The game of Bell and Hammer is also called:|
- Glocke und Hammer
- Cloche et Marteau
- Le jeu du cheval blanc
- El juego del caballo blanco
- Klok en Hamer
Invented in Vienna, Austria, about 1809, the game of "Hammer und Glocke" or "Schimmel" came to have wide popularity throughout
the German speaking regions of Europe, and spreading to Holland, France, and England. Many version of the game were made by many
makers in those areas, with the last commercial production being by Otto Maier Verlag, Ravensburger, Germany, in 1974.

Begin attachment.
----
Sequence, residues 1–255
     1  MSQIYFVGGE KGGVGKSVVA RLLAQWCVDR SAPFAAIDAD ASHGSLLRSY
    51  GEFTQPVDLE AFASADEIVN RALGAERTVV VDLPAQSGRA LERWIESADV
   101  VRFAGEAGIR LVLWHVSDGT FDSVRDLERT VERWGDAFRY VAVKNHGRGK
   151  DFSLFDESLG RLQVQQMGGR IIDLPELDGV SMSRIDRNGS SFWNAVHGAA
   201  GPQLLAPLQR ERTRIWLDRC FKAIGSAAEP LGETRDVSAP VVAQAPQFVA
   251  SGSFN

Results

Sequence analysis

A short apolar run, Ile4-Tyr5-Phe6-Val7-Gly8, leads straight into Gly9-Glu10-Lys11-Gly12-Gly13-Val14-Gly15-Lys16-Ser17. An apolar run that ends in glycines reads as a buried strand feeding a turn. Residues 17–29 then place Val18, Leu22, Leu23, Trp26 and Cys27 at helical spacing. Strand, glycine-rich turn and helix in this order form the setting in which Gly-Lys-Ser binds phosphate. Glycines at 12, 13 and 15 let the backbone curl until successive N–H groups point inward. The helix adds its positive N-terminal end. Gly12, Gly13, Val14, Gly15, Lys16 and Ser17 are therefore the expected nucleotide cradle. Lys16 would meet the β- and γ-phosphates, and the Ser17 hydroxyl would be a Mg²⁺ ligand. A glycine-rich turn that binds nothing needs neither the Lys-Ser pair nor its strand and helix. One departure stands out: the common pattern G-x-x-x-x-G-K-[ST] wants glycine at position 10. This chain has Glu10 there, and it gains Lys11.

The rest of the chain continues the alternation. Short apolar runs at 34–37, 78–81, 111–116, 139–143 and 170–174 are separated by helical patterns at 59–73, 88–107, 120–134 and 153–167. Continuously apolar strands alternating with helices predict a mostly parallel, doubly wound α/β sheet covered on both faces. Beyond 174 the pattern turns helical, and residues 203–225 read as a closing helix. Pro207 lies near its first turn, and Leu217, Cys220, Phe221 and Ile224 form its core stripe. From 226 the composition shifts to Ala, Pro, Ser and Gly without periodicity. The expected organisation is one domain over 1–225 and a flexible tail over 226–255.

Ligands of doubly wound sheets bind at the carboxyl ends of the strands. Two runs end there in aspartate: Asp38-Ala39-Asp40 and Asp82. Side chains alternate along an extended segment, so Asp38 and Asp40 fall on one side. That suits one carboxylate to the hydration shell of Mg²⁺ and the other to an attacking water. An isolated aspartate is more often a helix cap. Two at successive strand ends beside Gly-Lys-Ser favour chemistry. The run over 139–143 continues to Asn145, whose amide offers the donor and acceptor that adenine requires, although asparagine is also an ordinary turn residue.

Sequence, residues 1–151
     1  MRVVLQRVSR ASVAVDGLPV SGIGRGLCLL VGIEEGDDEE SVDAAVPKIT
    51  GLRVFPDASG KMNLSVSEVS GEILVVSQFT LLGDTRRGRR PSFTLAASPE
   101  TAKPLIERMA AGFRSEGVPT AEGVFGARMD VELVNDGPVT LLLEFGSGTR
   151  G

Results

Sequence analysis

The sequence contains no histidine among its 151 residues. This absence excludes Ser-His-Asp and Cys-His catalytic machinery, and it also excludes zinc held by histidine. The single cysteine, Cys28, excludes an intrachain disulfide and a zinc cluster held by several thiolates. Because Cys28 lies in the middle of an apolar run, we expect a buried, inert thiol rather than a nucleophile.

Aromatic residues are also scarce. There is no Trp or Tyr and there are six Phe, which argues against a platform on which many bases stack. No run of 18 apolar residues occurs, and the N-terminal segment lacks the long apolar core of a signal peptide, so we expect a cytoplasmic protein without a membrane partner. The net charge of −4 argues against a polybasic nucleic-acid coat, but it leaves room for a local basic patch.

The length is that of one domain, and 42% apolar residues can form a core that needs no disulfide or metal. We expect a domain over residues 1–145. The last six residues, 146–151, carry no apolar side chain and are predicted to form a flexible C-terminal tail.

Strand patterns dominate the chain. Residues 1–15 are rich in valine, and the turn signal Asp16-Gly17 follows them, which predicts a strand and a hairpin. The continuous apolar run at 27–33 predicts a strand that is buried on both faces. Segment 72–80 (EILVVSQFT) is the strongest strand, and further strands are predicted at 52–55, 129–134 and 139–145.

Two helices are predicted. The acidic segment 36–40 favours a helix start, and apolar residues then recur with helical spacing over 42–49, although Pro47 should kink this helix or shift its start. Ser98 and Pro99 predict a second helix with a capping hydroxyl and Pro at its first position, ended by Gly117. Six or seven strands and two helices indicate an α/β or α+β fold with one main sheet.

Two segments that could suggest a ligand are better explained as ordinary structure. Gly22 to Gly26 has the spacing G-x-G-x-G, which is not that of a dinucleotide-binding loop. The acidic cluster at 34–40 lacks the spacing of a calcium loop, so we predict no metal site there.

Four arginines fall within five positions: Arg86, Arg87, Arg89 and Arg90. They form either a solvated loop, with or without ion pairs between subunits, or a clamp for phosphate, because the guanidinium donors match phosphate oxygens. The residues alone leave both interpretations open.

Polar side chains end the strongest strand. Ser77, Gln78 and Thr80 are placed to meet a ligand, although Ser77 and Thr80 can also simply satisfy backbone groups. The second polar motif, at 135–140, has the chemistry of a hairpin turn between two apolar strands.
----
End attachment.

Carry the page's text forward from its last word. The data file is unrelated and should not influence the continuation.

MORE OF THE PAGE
Bell and Hammer is still played today, with treasured antiques, family hand-me-downs, and sets hand-made by fans.
The core of the game are eight special dice, each with five blank faces, and with a fifth marked face. Six dice have the marked face
with pips to show the values one through six. One die has a symbol of a bell. One die has a symbol of a hammer.
Supporting these in play are five illustrated cards, which may resemble playing cards, or be large thick boards, depicting
a Bell, a Hammer, a Bell and a Hammer, an Inn, and a White Horse (The "Schimmel" of the common alternate name for the game).
The game set might also include game counters and possibly an auctioneers hammer.